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In computability theory, a decision problem is undecidable if there is no algorithm that can always give the correct answer.

If there is an algorithm that answers YES when the correct answer is YES, and runs forever when the correct answer is NO, then the problem is partially decidable. A problem can be both undecidable and partially decidable. One example of this is the halting problem.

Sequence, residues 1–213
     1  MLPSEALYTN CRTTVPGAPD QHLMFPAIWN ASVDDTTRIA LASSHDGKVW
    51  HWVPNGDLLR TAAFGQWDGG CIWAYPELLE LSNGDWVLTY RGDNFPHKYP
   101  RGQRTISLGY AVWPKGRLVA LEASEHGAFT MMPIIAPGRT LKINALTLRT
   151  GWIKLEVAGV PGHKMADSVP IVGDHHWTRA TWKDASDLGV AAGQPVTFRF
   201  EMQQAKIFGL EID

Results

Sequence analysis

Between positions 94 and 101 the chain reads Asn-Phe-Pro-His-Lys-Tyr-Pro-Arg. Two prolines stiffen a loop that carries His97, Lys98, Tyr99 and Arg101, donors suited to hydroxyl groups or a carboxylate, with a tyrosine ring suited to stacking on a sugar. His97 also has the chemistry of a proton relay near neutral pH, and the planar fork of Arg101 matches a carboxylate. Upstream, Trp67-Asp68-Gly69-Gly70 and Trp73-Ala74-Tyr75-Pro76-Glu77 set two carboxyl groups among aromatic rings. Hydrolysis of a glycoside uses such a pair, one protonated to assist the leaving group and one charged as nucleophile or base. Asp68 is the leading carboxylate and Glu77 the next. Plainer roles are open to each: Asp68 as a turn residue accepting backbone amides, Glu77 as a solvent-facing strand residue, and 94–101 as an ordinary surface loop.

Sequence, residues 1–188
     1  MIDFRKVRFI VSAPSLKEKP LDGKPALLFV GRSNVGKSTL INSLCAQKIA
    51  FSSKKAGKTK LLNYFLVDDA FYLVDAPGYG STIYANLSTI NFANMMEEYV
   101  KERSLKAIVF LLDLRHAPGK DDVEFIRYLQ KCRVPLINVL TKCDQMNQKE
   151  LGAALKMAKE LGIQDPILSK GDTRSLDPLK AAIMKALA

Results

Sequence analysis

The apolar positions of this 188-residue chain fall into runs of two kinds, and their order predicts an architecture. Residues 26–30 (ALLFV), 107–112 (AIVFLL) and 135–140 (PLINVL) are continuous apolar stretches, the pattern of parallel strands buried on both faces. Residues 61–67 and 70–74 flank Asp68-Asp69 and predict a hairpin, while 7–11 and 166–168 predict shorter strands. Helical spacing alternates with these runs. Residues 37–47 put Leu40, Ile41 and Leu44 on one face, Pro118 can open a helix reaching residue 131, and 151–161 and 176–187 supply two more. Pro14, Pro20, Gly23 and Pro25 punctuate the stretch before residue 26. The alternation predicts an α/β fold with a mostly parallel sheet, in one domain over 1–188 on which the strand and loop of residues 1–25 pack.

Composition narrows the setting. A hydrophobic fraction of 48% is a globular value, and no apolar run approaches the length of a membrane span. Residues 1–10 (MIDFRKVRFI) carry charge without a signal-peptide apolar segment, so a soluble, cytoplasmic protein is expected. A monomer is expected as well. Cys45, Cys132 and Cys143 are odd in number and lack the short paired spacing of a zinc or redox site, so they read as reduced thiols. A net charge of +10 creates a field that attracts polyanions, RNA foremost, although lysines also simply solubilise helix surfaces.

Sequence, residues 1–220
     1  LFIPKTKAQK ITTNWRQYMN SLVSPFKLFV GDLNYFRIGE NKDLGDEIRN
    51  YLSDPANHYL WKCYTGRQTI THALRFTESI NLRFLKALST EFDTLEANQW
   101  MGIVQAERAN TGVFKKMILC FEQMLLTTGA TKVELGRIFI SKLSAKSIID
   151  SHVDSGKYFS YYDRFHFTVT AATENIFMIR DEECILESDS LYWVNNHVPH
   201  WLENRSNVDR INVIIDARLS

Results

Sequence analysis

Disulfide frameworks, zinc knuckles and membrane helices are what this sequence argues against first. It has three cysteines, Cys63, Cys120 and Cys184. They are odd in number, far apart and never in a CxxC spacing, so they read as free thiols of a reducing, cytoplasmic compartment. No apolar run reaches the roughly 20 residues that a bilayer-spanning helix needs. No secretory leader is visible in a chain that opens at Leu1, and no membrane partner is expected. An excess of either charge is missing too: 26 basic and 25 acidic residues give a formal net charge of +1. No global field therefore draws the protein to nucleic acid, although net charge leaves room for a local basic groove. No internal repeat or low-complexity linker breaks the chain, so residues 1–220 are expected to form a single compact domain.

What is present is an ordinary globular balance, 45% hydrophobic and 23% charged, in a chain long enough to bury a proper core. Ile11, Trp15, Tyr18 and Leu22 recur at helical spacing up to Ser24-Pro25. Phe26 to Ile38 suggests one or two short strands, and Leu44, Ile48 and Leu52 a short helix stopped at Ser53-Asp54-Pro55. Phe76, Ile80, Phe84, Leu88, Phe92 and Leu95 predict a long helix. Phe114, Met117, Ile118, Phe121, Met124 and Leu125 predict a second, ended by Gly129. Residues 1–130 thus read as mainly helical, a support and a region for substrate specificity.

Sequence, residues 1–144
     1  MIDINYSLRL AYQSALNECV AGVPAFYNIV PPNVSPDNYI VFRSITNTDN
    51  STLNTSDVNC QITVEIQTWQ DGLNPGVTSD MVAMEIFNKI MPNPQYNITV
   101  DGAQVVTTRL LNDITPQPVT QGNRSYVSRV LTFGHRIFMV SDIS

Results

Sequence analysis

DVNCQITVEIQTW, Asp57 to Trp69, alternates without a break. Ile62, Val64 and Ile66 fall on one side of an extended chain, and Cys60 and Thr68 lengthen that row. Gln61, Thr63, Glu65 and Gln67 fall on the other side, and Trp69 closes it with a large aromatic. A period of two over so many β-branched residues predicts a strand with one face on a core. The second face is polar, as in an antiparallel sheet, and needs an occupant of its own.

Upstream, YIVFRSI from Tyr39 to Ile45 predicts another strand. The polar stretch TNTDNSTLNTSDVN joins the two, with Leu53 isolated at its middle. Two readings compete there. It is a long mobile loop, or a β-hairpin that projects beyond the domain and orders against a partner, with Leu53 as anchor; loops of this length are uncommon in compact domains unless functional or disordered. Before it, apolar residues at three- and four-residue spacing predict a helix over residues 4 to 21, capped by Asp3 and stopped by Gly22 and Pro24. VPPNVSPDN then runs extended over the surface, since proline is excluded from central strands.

If there is an algorithm that always answers correctly, both for YES and NO answers, then the problem is decidable, and is not undecidable.

A formal language is said to be undecidable if the decision problem "is a given string in this language" is undecidable. (See further: Decidable language)